If the rumored contract demands – something in the neighborhood of $20 million annually over five or six years – are to be believed, the Red Sox would be wise to pull away from Pablo Sandoval's dinner table.
For that money, the Giants’ free agent just isn’t worth it.
Sure, the Sox have plenty of dough (there’s a joke about Sandoval’s girth in here somewhere) and a gaping hole at third base – one which Boston manager John Farrell has already said will likely be filled by someone other than the disappointing Will Middlebrooks – but the last thing a rebuilding organization needs to do is take on yet another terrible contract waiting to happen.
Sandoval will be just 28 when the 2015 season starts. Plus.
He’ll also probably far exceed (his, ehem, listed) 245 pounds, hefty for his 5-foot-11 frame. Minus.
Sandoval is a two-time All-Star, has finished in the top 10 in the National League MVP race, and was a gold glove finalist last season. Plus.
Since 2009, his first full major league season, he’s reached 150 games three times in six years and failed to play in 120 twice. Durability has been a sizable question. Minus.
The Red Sox would ideally prefer another lefthander to balance out their lineup. Sandoval’s a switch-hitter. Plus.
Sandoval was miserable as a righty against lefties in 2014, batting .199 with a .563 OPS in 205 plate appearances. Minus.
The infielder is a three-time World Series champ with a career .344 postseason average and .935 OPS. In the championship round, Sandoval has a .426 average, three homers, eight RBI, and a whopping 1.162 OPS in a dozen contests, along with one MVP honor. Huge plus.
His average, on-base-percentage, slugging mark, and OPS have also gradually fallen over each of the last four seasons, while his strikeout totals have steadily risen. In 2011, Sandoval hit.315 with 23 homers, 70 RBI, and a .909 OPS in a mere 117 contests. That was the last time he belted 20 home runs or hit .300. He’s never exceeded 90 RBI or walked 55 times in a season. In 2014, he appeared in a career-high 157 games, but batted .279 with 16 long-balls, 73 RBI, and a .739 OPS. Very concerning minus.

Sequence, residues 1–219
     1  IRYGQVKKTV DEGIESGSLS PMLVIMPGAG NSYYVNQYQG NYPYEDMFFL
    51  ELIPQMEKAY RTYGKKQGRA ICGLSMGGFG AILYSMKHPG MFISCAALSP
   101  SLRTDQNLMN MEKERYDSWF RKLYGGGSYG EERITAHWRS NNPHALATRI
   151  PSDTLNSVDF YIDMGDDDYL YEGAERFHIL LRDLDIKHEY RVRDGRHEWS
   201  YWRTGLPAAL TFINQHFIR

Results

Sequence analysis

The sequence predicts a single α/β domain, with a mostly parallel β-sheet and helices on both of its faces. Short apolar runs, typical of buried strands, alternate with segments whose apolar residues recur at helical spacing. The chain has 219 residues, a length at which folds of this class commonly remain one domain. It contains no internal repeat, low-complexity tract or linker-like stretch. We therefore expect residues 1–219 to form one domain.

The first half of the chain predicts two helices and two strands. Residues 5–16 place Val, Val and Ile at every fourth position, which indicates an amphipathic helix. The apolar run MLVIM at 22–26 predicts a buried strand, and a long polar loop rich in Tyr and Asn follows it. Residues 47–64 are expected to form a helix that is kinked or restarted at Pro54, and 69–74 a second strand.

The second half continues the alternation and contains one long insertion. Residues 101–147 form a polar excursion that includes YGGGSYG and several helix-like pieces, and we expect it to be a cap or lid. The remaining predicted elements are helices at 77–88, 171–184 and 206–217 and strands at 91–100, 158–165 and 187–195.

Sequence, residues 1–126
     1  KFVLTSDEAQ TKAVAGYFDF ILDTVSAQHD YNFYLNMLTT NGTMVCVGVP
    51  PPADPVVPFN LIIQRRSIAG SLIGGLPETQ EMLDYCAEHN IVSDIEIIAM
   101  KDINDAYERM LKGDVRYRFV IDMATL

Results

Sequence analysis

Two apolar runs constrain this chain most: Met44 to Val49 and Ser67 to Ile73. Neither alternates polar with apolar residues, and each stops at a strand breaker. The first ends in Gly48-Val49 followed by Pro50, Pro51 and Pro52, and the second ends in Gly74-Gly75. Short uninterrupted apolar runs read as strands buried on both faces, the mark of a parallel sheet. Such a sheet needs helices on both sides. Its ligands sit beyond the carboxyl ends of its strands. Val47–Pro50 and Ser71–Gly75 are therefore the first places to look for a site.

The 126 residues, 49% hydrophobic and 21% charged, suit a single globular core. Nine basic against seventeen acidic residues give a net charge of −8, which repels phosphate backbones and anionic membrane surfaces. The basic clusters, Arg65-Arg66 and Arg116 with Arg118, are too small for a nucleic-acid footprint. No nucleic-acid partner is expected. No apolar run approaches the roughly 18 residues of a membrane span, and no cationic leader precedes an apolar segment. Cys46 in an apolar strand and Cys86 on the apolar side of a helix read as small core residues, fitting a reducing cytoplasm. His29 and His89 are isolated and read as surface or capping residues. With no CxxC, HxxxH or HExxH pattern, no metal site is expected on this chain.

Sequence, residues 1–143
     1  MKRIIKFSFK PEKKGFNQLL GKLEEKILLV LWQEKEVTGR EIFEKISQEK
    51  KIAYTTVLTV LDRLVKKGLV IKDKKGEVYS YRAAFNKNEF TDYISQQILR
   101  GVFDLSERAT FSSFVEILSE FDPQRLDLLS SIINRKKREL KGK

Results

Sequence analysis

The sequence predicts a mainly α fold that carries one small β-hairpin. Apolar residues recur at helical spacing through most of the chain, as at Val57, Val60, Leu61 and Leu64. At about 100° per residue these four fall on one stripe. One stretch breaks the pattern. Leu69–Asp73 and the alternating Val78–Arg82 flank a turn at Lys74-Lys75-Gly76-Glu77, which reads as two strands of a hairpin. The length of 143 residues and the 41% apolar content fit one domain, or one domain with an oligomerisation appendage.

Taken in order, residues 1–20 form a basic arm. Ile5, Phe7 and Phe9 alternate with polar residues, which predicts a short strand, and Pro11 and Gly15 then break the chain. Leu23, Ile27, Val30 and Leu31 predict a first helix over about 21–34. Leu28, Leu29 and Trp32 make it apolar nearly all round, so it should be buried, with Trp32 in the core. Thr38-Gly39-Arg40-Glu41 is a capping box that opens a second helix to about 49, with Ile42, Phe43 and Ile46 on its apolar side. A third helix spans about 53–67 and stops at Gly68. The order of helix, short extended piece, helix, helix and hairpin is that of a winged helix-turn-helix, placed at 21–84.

When it comes to the Kung Fu Panda, it’s impossible not to weigh (sorry, this is too easy) all sides.
The bottom-line with Sandoval is simple to understand: He’s an above-average regular season performer and a force in the playoffs. Does that make him worth $20 mil a year? Normally, maybe, but not when he’s so clearly already on the decline and his size makes him a severe risk of a lower-body injury. A deal of any significant length would be almost guaranteeing the reality of at least one bad year or two on the end; maybe earlier if a large payday makes him a little too fat and happy for those extra conditioning drills during the season.
Now, four years for Sandoval and about $75 million? That’s absolutely worth pursuing. But it’d never happen. The career-Giant (you get it) and cuddly fan-favorite would scoff at that as quickly as San Fran’s qualifying offer. Odds are he’s heading back to the Bay Area or, if not, cashing in somewhere other than Boston.
Sox GM Ben Cherington will have to explore other options, be it Hanley Ramirez (another price-conscious decision), Chase Headley, or someone from within. Mookie Betts has never played the position, but Boston would love to keep his bat in the lineup if last year’s audition wasn’t an aberration. Allen Craig, if healthy, could be worthy of consideration, though he probably couldn’t handle the job on a regular basis. There’s also Larry Lucchino favorite Garin Cecchini, but he’s still too unproven. Brock Holt is a utility player.
If you’re still obsessing over the money, yes, it’s available. There’s no salary cap in baseball and John Henry and company are bursting with Benjamins. However, ownership is only willing to spend to a certain threshold, and their best bet would be to allocate those funds on pitching first. In all likelihood they will, even if we’re bound to continuing living in a world where Jon Lester reports to a new Nation.
As for Sandoval, this will be a flirtation with Boston at best, so sit back and wait for him to mash the Giants to another Series title in 2016.
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